4 Ways to Shorten Your Sales Cycle

Your sales cycle is longer than you'd like; you wait weeks and months for customers to make that crucial decision to buy. Meanwhile, your company's sales team is skillfully executing their work, making great presentations, getting to know prospects and their particular problems, negotiating customized solutions and moving toward that all-important close. So what can your middle market company do as the weeks and months roll by and customers don't buy?

Two businesspeople in suits shake hands.

Here are four suggestions for shortening your sales cycle:

1. Use CRM Technology

To keep your sales force on the same page, have them share vital customer information through a good customer relationship management (CRM) system. CRM software will help standardize your sales cycle, and it's a prerequisite for efficient selling. It provides everyone on your sales team with easily accessible and complete information, thus eliminating redundancy in customer communication. Using CRM, your salespeople can fully prepare for every customer interaction and help move the sales process through every step until closing.

2. Standardize Sales Technology

You should also make sure all your salespeople mean the same thing when they talk about the sales process. Clarity in internal terminology and processes is essential; it allows for the sales team to act as one. If, for example, two sales managers define "qualified lead" differently, then they'll confuse the entire team and their customers — and confusion is a sales-cycle extender and a deal killer. Work from one sales playbook and one terminology set. Middle market companies have an advantage here over larger rivals, who are sometimes too bulky to have effective internal communication.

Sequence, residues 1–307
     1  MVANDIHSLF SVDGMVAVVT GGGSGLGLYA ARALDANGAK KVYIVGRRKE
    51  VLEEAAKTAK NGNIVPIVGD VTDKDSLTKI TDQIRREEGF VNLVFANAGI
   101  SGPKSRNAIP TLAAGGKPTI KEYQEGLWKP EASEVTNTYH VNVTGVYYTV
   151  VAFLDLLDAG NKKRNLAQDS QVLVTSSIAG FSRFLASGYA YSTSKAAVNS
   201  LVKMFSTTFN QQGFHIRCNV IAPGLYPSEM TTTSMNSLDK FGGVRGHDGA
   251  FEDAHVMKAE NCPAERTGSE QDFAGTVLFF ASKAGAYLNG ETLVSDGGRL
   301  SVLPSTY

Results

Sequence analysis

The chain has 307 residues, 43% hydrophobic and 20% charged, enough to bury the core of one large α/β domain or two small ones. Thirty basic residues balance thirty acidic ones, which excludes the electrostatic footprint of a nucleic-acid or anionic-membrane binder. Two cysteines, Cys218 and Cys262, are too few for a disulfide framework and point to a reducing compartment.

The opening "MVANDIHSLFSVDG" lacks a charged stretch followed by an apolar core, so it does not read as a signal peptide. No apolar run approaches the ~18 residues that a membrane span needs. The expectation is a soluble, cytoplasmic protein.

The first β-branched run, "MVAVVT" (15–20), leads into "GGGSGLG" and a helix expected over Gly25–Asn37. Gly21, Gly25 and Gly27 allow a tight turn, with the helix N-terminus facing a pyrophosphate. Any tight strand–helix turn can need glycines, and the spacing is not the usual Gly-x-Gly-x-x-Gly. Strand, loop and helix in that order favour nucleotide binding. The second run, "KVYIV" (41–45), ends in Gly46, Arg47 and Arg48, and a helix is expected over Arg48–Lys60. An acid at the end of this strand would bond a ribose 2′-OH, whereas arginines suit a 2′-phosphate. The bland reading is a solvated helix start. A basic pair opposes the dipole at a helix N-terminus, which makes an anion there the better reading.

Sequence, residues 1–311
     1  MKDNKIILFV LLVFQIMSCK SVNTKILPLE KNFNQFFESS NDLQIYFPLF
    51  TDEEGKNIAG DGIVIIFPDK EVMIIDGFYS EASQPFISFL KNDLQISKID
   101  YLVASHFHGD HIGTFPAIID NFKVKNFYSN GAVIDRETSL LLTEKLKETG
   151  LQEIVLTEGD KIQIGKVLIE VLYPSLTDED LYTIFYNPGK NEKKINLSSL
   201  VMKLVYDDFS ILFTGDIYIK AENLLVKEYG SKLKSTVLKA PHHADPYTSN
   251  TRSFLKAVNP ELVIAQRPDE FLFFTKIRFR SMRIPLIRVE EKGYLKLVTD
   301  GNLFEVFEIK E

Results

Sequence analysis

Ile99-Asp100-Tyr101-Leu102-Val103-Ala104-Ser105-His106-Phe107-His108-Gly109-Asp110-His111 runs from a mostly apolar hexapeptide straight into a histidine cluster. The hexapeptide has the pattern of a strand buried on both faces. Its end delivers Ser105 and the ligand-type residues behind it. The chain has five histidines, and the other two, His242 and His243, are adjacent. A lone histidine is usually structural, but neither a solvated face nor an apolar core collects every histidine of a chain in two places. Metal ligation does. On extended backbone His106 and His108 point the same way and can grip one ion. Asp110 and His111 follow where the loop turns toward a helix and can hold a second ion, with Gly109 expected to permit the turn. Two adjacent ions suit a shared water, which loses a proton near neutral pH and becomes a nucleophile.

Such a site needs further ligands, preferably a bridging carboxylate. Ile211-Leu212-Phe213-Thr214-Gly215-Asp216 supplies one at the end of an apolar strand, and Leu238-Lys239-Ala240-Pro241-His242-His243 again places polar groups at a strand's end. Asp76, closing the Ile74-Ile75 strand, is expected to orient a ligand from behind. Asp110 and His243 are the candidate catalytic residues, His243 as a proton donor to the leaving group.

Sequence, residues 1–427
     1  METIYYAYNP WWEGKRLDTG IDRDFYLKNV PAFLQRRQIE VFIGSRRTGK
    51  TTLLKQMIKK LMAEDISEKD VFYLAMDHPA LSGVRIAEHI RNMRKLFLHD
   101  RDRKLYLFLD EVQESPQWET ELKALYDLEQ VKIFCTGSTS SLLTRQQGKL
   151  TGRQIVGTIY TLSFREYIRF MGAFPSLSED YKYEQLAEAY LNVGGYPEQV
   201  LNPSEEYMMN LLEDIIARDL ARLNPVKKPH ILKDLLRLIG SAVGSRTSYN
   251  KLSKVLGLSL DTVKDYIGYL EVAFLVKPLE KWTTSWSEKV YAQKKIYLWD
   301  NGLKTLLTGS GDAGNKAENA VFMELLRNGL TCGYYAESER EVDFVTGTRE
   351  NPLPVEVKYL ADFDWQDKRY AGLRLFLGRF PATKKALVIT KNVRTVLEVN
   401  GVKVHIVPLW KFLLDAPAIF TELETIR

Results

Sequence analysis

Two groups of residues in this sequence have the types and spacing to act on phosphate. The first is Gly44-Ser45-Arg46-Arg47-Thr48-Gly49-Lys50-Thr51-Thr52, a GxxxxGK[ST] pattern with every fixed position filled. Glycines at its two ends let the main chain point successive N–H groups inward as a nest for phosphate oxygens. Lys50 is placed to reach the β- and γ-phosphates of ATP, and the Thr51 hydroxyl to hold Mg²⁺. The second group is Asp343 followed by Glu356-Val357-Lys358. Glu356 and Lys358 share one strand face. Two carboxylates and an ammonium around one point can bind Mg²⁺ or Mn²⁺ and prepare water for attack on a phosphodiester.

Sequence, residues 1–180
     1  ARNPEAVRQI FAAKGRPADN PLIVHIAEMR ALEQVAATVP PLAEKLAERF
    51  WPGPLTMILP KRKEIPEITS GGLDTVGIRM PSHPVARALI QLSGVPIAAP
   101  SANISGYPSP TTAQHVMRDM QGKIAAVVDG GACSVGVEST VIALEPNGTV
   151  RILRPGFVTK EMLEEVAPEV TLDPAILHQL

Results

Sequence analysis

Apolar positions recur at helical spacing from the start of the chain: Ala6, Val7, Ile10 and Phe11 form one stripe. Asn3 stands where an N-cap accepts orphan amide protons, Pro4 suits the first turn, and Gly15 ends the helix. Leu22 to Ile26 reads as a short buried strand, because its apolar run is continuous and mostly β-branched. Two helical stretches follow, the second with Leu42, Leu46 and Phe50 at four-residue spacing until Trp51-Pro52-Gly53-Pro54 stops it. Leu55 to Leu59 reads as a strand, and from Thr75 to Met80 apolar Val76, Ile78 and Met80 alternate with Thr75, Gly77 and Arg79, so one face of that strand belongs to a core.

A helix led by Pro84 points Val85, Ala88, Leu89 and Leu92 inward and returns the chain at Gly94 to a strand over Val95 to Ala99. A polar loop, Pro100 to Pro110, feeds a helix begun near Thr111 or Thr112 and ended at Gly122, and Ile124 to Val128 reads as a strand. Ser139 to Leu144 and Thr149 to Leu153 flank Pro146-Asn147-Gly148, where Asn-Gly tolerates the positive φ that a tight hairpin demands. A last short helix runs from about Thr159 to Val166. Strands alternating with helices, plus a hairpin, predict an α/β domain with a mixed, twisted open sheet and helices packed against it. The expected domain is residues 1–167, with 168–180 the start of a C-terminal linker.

3. Focus on Good Leads and Eliminate Time-Wasting Prospects

As anyone in sales knows, not all leads are created equal. Have a strict process to eliminate bad leads so you can focus on good ones. Instead of expending energy on qualifying opportunities that may go nowhere, focus more time and energy on likely buyers.

On a related note, consider starting higher up in the prospect's decision-making process when having your leads make a buying decision. If you go to relevant executives first, two positive things could happen. First, the decision-maker will then know about the buying opportunity and can give it higher priority, even if that person kicks it downstairs to managers for negotiation. Second, he or she could say no quickly, citing a lack of need. This saves you valuable time that you can use to focus on better leads.

4. Find and Solve Prospects' Problems

You have to make the prospect's decision to buy an easy one. This means you have a consulting job to do: Find a real problem the prospect has, explain the cost of maintaining the status quo with that problem, offer a viable solution and explain the added value your solution offers. In other words, you must prepackage the whole sale and not assume that the buyer will do this for you. The prospect's inertia may be the top reason the sales cycle is so slow, and you must overcome it by doing the legwork for them. Making it easy for buyers to say yes may be the single best way to shorten your middle market company's sales cycles.

Addressing pain points is a basic sales tactic, but it also requires a lot of footwork. How does your company discover prospects' troubles? Do you have any top research tips? Tell us by commenting below.

Boston-based Chuck Leddy is an NCMM contributor and a freelance reporter who contributes regularly to The Boston Globe and Harvard Gazette. He also trains Fortune 500 executives in business-communication skills as an instructor for EF Education. Circle him on Google+ and visit his website.


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